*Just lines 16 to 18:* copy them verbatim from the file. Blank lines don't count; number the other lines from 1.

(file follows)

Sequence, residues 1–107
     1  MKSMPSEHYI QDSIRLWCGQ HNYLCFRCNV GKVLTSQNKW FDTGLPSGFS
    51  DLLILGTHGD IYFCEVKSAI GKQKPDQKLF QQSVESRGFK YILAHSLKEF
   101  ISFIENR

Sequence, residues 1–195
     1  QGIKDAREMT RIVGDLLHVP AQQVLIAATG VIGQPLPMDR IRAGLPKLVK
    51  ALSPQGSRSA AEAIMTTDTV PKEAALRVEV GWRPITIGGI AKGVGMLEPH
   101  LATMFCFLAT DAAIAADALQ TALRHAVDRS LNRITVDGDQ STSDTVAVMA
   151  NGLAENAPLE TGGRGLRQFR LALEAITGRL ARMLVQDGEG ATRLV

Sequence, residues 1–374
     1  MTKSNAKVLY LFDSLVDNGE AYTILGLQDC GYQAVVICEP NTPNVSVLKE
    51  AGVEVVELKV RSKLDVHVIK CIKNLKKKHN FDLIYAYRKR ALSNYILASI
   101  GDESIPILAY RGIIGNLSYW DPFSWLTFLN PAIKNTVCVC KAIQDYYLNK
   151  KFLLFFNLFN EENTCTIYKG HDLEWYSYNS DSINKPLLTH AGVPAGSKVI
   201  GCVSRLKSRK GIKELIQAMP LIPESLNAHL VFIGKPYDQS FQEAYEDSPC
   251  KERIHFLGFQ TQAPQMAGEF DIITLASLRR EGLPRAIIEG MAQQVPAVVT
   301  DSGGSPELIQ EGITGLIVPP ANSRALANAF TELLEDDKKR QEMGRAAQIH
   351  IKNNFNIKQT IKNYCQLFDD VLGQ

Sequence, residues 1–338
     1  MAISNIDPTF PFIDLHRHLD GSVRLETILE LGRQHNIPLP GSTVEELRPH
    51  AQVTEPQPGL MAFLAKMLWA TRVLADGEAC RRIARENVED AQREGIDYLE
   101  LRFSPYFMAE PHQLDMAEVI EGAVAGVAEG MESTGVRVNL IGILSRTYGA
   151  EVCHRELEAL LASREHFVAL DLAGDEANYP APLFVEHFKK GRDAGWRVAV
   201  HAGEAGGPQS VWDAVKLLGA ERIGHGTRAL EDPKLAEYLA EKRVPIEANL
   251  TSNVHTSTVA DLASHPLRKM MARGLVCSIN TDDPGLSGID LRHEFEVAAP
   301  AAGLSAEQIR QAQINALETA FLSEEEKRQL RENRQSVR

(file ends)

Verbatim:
   251  KERIHFLGFQ TQAPQMAGEF DIITLASLRR EGLPRAIIEG MAQQVPAVVT
   301  DSGGSPELIQ EGITGLIVPP ANSRALANAF TELLEDDKKR QEMGRAAQIH
   351  IKNNFNIKQT IKNYCQLFDD VLGQ